Be accurate in your statements. Don't make stuff up, because it'll come back to haunt you. If you come up with a brand new approach or idea for something, treat it like any scientific hypothesis. Test it out before you launch the concept on others. Make sure it'll work for you first, or you'll be laughed right out of business.
And finally, make sure you don't turn people off by your spelling or misuse of the vernacular. Most people will be instantly turned away if your grammar is off. Spell check, have a friend read your article first before submitting, spell check again, read it out loud, and most importantly, spell check.
3. Make Your Mark
There are many novelist who are well known for a particular style of writing. Take Ann Rice for example, who's Vampire Chronicles defined the new age of horror. Her name is synonymous with her genre!
But did you know she also writes romance novels? Most people don't because she uses a pseudonym when she ventures beyond the Vampire Lestat and his cohorts.
The point here is that, as Ann Rice, she's branded as a horror novelist and, in order to maintain that branding, she uses another name for her other styles of writing.
To be an expert in your field, you too need to brand yourself so that your name becomes synonymous with what you write about. To do that, you need to stay within a particular field and only that field.
If you want to write about other things, then use a pseudonym like Ann Rice and so many other writers do.
The more you write about a specific topic, the more people will see you as an expert on that topic. The wider range of topics you write about, the less knowledgeable you'll appear to be in any one of them.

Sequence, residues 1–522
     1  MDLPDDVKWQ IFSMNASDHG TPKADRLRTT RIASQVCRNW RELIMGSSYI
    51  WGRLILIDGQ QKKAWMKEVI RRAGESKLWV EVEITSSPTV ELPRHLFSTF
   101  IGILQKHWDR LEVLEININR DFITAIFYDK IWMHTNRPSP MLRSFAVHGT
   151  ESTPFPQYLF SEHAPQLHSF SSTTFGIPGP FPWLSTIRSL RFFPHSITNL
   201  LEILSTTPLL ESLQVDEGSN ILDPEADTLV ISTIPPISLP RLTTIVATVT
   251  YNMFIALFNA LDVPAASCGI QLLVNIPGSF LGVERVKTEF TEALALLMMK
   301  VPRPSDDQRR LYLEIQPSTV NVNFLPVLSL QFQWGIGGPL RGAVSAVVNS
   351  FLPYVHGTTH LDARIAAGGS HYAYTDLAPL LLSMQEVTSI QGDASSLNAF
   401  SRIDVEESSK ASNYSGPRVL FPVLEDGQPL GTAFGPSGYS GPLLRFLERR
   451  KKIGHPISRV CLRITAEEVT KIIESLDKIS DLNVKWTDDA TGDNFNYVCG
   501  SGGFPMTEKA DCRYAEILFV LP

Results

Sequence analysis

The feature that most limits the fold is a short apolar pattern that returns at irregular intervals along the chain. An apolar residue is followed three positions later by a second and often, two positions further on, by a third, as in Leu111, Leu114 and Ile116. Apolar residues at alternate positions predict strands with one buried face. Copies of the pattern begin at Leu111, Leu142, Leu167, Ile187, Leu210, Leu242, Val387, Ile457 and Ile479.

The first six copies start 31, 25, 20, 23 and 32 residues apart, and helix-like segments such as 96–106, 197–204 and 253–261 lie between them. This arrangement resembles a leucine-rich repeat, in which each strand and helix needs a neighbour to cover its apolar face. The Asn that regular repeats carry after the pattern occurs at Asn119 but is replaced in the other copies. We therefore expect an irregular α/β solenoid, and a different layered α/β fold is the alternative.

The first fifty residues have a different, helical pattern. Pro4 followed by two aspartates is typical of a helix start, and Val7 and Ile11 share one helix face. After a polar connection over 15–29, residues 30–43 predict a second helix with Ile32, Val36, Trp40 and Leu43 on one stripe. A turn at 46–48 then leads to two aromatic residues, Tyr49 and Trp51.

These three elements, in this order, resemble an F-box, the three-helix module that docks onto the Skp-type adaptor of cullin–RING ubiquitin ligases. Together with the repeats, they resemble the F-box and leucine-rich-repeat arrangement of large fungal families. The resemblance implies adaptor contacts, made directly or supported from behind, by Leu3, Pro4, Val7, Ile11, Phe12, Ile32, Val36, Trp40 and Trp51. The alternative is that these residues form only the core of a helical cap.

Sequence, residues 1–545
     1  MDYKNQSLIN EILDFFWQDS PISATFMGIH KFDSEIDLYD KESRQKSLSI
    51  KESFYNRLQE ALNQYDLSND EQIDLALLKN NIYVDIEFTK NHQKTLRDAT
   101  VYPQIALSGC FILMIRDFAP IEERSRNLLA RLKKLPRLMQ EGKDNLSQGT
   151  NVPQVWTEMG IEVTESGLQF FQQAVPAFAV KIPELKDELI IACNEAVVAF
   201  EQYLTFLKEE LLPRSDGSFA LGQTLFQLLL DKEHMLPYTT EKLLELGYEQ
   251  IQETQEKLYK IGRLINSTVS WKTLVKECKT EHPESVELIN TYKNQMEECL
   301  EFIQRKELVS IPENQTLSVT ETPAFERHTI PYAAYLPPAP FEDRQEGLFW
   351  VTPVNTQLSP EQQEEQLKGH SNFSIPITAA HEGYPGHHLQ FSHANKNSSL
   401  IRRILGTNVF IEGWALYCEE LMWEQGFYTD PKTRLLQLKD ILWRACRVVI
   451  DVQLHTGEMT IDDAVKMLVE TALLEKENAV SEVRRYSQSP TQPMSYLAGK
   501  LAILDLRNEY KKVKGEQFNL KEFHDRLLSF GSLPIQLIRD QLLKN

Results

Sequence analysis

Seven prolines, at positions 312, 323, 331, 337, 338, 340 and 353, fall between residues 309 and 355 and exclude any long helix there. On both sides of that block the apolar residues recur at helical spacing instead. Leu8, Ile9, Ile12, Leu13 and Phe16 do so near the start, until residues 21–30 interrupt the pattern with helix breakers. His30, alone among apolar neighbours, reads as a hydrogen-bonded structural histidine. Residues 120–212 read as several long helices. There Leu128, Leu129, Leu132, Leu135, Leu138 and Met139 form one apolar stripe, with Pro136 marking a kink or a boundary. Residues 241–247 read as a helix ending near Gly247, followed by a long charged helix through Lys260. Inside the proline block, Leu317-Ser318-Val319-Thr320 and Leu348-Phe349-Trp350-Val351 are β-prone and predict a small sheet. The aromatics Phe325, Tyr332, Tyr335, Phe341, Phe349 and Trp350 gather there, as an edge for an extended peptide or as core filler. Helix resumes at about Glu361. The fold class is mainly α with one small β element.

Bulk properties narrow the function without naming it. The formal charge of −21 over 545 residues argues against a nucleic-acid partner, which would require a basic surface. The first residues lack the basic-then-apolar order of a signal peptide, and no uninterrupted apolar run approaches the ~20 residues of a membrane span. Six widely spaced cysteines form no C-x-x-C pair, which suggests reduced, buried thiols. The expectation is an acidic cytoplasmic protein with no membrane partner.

4. Make Each Article Count
To summarize, take your article writing and submitting seriously. You wouldn't write a resume haphazardly or send it to employers who had nothing to do with your line of work, would you? Use your keywords and especially your category choices wisely.
When you write, teach, when you teach, know the subject you're teaching. And before everyone else, teach yourself what to teach about.
Stay within your realm of expertise and the world will regard you as an expert!
Ken Nadreau and Hubert Daul are experts in the field of Article Marketing. Their flagship product, Article Submitter Pro is currently being used by over 1,200 people to safely submit their articles to over 1,000 article directories every day.
Affiliate Home Business Solutions Highly Recommends
Free Subscription to Revenue Magazine
Shine a Light
As interactive agencies battle it out for clients, the tech-savvy shops are winning clients from the traditional Madison Avenue types. It's been seven years since interactive agency Razorfish embarrassed itself on national television. When reporter Mike Wallace of CBS' "60 Minutes" asked the agency's co-founders what the company does, the answer was none too clear. by Eric Reyes
The Web Crawler
Old Guard Blowing New Smoke
Seasoned interactive marketing executives are starting new ventures and looking to resolve old issues and wow the industry at the same time. I don't much like making predictions – especially ones that might come back to haunt me. But I feel certain of two things going into the New Year: first, that many of the online marketing pioneers will reemerge in new industry roles, and second, that despite constant urgings ... by The Spider
Winning With Authority
Some see the increased involvement of the government in online marketing as Big Brother, while others say it's the reality of big business. By John Gartner
Paying for content and services is out. But will the alternative of ad-supported sites and platforms take over the world? By Eric Reyes
Looking for a Few Good Affiliates
Many are trying to overcome the affiliate recruitment conundrum with fresh approaches and new tools. By Alexandra Wharton
They Can Hear Us Now
The president of the Mobile Marketing Association says that ads on mobile devices will only get better, more widespread and easier to create and measure. By Eric Reyes
Fracas Over Facebook and Trepidation With Twitter
Social media platforms are booming, but online marketers should tread carefully. By Alexandra Wharton
Affiliate Advantage: Rexanne Mancini
The Free Thinker By Alexandra Wharton
Revenue magazine helps you master the art of affiliate marketing.